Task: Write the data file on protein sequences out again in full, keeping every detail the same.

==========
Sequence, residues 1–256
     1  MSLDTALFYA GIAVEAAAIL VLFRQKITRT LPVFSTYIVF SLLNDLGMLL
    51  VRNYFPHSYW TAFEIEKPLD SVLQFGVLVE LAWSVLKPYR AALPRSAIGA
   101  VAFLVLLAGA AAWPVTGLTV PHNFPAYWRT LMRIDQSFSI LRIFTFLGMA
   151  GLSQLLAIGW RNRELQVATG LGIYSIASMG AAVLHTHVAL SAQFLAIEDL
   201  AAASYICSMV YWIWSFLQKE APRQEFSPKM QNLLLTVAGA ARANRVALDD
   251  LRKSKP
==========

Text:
Sequence, residues 1–256
     1  MSLDTALFYA GIAVEAAAIL VLFRQKITRT LPVFSTYIVF SLLNDLGMLL
    51  VRNYFPHSYW TAFEIEKPLD SVLQFGVLVE LAWSVLKPYR AALPRSAIGA
   101  VAFLVLLAGA AAWPVTGLTV PHNFPAYWRT LMRIDQSFSI LRIFTFLGMA
   151  GLSQLLAIGW RNRELQVATG LGIYSIASMG AAVLHTHVAL SAQFLAIEDL
   201  AAASYICSMV YWIWSFLQKE APRQEFSPKM QNLLLTVAGA ARANRVALDD
   251  LRKSKP